The Bank of England’s purchases of gilts under its quantitative easing (QE) programme are undertaken by its subsidiary, the Asset Purchase Facility (APF). Since late 2012-13, the Exchequer received excess cash held in the APF on an ongoing basis. This box summarised the approach used to estimate the fiscal impact of projected APF flows and the changes in these projections since our December 2013 Economic and fiscal outlook forecast. It also highlighted the large uncertainty about the timing and pace of quantitative easing (QE) unwinding.
Since late 2012-13, excess cash held in the Bank of England’s Asset Purchase Facility (APF) has been transferred to the Exchequer on an ongoing basis.
Transfers up to the level of the Bank’s income in the previous year are currently treated as dividends, reducing net borrowing; beyond that, they are financial transactions, reducing the net cash requirement but not borrowing. Any payments made from the Exchequer to the APF are also currently treated as capital grants, increasing net borrowing but not affecting the current budget. This treatment will change following the ONS’s Public Sector Finances Review, to be implemented later this year, and the possible implications are discussed in Annex B.
To estimate the size of future flows, we have to make assumptions about when quantitative easing (QE) will be unwound and how quickly. Our central forecast assumes that Bank Rate follows market expectations, but there is no equivalent guide to expectations for the path of QE. We therefore take a neutral set of assumptions, unchanged since we first included the APF figures in our forecast in December 2012. We assume QE remains at £375 billion and that it begins to be unwound once Bank Rate rises above 1 per cent, with sales evenly paced at £10 billion a quarter thereafter. We also assume redemptions will not be reinvested once sales begin. The first sale is assumed to be in the fourth quarter of 2015, as assumed last December.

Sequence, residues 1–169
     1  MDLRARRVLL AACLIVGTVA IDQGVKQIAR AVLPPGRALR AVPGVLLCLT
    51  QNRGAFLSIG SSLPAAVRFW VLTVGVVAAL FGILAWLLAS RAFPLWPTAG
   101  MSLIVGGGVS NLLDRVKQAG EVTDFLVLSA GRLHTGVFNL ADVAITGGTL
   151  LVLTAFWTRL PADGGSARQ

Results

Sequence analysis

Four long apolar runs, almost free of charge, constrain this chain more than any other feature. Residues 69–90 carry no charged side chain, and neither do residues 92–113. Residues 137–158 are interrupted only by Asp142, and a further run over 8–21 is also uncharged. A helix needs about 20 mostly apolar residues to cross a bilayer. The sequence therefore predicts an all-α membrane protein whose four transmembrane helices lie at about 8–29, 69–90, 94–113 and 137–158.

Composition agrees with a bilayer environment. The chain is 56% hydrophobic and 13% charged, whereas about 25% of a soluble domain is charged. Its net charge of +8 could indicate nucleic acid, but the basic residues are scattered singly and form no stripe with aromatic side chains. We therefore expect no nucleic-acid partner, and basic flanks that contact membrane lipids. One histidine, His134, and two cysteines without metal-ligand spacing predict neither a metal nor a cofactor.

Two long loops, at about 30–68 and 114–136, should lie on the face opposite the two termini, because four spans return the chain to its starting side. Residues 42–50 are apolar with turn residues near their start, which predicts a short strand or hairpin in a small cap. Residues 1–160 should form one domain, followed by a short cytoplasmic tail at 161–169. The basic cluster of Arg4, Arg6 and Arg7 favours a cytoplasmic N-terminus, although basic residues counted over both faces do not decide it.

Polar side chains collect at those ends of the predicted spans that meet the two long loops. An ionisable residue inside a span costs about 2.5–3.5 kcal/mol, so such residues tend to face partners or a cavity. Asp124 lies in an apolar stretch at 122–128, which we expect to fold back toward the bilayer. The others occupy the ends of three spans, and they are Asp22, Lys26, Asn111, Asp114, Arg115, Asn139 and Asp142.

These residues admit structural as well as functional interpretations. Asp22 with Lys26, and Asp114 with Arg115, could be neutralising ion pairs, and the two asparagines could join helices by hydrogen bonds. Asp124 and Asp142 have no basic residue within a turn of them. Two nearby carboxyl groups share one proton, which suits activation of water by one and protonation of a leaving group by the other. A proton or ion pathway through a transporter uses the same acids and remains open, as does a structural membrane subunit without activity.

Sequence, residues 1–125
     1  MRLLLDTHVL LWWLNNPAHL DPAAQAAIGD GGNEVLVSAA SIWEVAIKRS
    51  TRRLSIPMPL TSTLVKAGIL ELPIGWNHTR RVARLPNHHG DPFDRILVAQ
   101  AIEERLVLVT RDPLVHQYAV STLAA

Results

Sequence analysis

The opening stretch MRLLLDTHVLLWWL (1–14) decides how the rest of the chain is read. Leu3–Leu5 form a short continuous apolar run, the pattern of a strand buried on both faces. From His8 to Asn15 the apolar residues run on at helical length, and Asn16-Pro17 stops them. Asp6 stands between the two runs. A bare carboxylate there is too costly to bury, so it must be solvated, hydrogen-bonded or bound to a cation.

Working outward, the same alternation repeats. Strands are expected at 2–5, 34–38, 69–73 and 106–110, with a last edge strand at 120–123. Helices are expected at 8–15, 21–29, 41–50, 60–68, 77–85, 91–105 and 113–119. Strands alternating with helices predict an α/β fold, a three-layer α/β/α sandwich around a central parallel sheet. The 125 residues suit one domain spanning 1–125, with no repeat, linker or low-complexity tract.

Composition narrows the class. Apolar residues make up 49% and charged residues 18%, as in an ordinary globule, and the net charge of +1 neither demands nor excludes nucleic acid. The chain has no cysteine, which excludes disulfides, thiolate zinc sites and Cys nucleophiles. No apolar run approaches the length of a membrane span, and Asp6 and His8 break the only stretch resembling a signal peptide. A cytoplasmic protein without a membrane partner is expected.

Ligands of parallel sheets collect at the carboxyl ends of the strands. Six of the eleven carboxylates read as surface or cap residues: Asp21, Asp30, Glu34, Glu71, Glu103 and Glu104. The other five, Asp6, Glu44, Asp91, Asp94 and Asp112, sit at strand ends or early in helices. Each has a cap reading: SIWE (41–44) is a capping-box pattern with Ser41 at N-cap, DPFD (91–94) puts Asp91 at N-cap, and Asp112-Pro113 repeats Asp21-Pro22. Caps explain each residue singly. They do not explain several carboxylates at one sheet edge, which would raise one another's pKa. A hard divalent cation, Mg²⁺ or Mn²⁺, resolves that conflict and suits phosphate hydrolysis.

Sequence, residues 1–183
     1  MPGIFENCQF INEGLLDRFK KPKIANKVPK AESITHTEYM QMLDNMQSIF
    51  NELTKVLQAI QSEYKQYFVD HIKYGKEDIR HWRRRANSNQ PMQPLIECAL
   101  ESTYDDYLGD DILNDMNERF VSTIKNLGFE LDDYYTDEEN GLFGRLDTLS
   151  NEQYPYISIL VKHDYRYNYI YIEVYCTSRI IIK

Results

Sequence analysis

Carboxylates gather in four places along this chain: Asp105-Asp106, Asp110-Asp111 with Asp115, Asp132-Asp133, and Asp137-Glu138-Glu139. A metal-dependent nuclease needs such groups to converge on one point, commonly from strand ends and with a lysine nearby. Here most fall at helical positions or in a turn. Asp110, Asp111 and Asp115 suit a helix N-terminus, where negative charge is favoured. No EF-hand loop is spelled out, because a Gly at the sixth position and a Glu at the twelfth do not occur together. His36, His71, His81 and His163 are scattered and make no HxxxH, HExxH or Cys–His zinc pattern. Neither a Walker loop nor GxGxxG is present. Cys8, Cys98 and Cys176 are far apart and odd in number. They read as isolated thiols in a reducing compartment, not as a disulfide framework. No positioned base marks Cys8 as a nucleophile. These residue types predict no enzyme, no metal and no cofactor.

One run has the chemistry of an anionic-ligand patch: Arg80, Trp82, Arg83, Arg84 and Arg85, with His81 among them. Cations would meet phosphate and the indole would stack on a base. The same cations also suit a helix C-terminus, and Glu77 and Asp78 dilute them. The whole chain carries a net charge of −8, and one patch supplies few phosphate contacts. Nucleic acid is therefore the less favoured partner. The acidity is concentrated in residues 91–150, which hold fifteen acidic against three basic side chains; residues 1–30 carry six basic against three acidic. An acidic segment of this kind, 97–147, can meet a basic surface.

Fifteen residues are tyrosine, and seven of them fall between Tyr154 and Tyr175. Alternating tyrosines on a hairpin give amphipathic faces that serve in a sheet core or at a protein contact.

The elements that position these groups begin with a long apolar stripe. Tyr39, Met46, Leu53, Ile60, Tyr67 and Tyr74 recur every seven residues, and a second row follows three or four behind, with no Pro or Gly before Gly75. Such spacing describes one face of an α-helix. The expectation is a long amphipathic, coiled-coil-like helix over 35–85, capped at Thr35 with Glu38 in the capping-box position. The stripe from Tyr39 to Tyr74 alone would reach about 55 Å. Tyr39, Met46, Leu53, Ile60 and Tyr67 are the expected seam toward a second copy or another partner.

Our projection for the overall net transfer to the Treasury is now £42 billion, up slightly from our December projection of £40 billion. A slightly higher Bank Rate reduces net interest income between 2015-16 and 2017-18, offset later by lower gilt rates, which imply higher gilt prices at the point of sale and therefore smaller capital losses.
There is huge uncertainty about the timing and pace of QE unwinding and our assumptions should be regarded as a neutral way of illustrating the potential fiscal impact, rather than as a forecast of how the Bank of England is likely to act. Table C also shows two alternative scenarios: the first where gilt rates rise by 200 basis points when QE unwinding starts; and the second where the stock runs down only through redemptions once Bank Rate moves above 1 per cent.
The estimates of the overall transfer to the Exchequer are highly sensitive to changes in gilt rates. In the first scenario the Treasury would receive £61 billion, only to pay back £57 billion over the following years, giving a net transfer of £5 billion. In the second, the Exchequer would continue to receive cash from the APF over the next five years, reducing debt by £72 billion in total, before covering losses over a protracted period. Both scenarios would have much bigger effects beyond our EFO forecasting horizon, which we will revisit in this July’s Fiscal sustainability report.